What are some of the most important quotes from The Last Tycoon (what episode are they in) and how do they relate to its central theme?

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allie-draper eNotes educator| Certified Educator

There are lots of great quotes to choose from in The Last Tycoon—but how you pick them depends on what you think the novel's central theme is. Some readers identify the "American Dream" as a theme and point to Stahr as the embodiment of that hope. His world, however, quickly proves to unable to sustain it; the people around him are entirely focused on the production of illusions to such an extent that illusion forms the foundation of his life. Others point to the West Coast setting ("where the last frontier has been pressed against the barrier of the Pacific") and argue that Fitzgerald is trying to "to work through the consequences of a nation facing the fact that it no longer had an infinity of possible futures" (eNotes). Still others think the novel emphasizes nostalgia, the disconnect between a golden past and a bleak future.

With those in mind, here are a couple quotes to get you started:

“These lights, this brightness, these clusters of human hope, of wild desire—I shall take these lights in my fingers. I shall make them bright, and whether they shine or not, it is in these fingers that they shall succeed or fail.” (Working Notes)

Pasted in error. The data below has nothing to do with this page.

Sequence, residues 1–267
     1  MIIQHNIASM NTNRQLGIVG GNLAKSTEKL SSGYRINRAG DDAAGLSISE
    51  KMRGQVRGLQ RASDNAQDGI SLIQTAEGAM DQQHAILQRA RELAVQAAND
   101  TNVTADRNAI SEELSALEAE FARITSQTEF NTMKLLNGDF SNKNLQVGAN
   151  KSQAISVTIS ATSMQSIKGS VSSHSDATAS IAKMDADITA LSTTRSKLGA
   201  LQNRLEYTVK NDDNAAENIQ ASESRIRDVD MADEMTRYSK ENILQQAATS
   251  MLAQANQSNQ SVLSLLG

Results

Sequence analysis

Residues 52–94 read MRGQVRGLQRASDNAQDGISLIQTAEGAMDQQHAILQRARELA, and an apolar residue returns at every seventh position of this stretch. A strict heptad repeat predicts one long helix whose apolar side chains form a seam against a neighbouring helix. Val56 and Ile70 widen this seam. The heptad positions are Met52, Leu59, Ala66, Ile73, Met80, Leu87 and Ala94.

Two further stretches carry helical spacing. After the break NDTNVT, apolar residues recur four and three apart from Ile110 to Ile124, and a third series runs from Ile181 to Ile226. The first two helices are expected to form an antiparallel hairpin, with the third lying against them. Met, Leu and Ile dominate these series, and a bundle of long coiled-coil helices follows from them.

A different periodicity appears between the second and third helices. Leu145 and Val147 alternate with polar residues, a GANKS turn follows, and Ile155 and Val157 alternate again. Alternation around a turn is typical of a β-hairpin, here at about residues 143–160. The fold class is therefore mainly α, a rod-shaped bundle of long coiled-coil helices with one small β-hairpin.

The above is reflective of both Stahr's hope and his determination.

"It takes more than brains. You writers and artists poop out and get all mixed up, and somebody has to come in and straighten you out." He shrugged his shoulders. "You seem to take things so personally, hating people and worshipping them--always thinking people are so important-especially yourselves. You just ask to be kicked around. I like people and I like them to like me, but I wear my heart where God put it--on the inside.” (Chapter 1)

Stahr comments on the illusions of those around him (and maybe reveals a few of his own—does he really wear his heart on the inside?).

"This is not the kind of story I want. The story we bought had shine and glow - it was a happy story. This is all full of doubt and hesitation. The hero and heroine stop loving each other over trifles - then they start up again over trifles. After the first sequence you don't care if she never sees him again or he her.” (Episode 9)

Stahr continues to seek control, to shape his story, even as it (prophetically) begins taking turns he did not anticipate, losing its luster.

Read the study guide:
The Last Tycoon

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